Newly assigned counsel filed an appeal to the Superior Court, asserting that trial counsel's assistance was ineffective in a constitutional sense. The Superior Court, by an order dated June 29, 1984, remanded the matter to the trial court to supplement the record so that the assertions of ineffectiveness could be addressed. Upon complying with the mandate, the trial court determined that the claims of ineffective assistance were meritless. When the Superior Court reviewed the case, it agreed with the appellant's contention that he had been ineffectively represented in certain instances during the trial. Specifically, the Superior Court concluded that trial counsel had failed to provide effective assistance at two points: First, after the completion of the defense's case-in-chief, defense counsel entered into a stipulation that the appellant had a prior conviction for violating the Uniform Firearms Act ("UFA"). Second, counsel failed to object when a police witness, during the

[ 516 Pa. Page 200]

Commonwealth's case in rebuttal, referred to Saxton's "fingerprint number" and testified to the fact that the police had a previous photograph of the appellant in their files, thus allowing the prosecution to indicate that the appellant had a prior police record. Notwithstanding the conclusion that those actions constituted ineffective assistance, the Superior Court affirmed the judgments of sentence, theorizing that the instances of ineffective assistance by trial counsel were harmless error. As noted, we allowed further review by this Court for the narrow purpose mentioned.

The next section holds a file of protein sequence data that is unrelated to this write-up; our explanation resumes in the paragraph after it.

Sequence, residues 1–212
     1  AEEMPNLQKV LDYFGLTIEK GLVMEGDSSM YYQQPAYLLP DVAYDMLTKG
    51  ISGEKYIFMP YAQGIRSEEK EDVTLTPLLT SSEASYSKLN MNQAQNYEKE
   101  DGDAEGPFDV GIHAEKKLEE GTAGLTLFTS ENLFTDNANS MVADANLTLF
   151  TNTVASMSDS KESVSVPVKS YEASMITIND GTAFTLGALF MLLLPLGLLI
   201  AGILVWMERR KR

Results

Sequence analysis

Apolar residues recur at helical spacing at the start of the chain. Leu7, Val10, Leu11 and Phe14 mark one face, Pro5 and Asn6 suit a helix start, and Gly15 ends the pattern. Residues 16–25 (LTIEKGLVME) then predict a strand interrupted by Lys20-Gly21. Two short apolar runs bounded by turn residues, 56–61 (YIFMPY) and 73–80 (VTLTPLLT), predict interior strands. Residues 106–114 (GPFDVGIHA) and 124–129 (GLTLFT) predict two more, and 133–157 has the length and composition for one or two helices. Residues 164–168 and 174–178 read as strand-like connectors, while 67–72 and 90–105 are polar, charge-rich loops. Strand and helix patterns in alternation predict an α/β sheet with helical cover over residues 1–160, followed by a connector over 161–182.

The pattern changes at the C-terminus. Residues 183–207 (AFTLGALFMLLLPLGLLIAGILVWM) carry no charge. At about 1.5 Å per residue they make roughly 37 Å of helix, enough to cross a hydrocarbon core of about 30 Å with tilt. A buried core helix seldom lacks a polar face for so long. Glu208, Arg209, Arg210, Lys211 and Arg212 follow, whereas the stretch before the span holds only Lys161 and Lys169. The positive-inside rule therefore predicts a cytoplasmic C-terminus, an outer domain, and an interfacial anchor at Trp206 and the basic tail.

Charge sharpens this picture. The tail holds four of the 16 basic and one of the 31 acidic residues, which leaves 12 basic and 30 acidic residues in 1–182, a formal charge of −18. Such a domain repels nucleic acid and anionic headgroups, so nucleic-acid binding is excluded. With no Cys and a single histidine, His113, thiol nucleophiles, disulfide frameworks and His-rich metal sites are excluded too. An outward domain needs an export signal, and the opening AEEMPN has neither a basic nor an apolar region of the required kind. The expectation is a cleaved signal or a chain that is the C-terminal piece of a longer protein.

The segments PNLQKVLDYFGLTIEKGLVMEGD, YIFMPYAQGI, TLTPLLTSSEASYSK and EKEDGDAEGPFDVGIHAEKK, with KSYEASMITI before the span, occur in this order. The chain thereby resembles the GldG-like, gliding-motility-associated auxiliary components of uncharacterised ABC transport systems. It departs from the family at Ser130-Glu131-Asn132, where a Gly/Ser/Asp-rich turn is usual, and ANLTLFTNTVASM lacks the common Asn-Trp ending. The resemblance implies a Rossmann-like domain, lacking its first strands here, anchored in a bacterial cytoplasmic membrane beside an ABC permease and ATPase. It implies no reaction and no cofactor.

In view of our recent clarification in Commonwealth v. Pierce, 515 Pa. 153, 527 A.2d 973 (1987), a finding of ineffective assistance of counsel can be made only after there has been a determination that the client has, in fact, been prejudiced by the alleged error or omission of counsel. Therefore, it is obvious that the Superior Court's analysis was internally inconsistent. A fortiori, a finding of ineffective assistance precludes a further determination that the deficiency was harmless.

It is beyond question that an accused in this Commonwealth is entitled to competent counsel at trial. Pa. Const. art. 1, ยง 9; Commonwealth v. Bunch, 466 Pa. 22, 351 A.2d 284 (1976); Commonwealth v. Wideman, 460 Pa. 699, 334 A.2d 594 (1975); Commonwealth v. Kennedy, 451 Pa. 483, 305 A.2d 890 (1973); Commonwealth v. Sliva, 415 Pa. 537, 204 A.2d 455 (1964); Commonwealth ex rel. Remeriez v. Maroney, 415 Pa. 534, 204 A.2d 450 (1964); Commonwealth ex rel. Carey v. Keeper of Montgomery County Prison, 370 Pa. 604, 88 A.2d 904, cert. denied, 344 U.S. 845, 73 S.Ct. 61, 97 L.Ed. 657 (1952). In this connection, it is recognized that counsel must fulfill myriad duties on behalf of his accused client to assure him of a fair trial. American Bar Association, Standards for Criminal Justice ("ABA Standards"), Standard 4-1.1, Commentary, "The Role of Defense Counsel" (1982). For example, counsel must assure procedural fairness, ABA Standards, Standard 4-3.6(a). He must keep the accused fully informed of all options throughout the proceedings, ABA Standards, Standards

[ 516 Pa. Page 2014]

-3.1(a), 4-3.1(b), 4-3.8, 4-6.2(a). An additional duty of counsel is to assure that his client's cause is presented in the most favorable light. ABA ...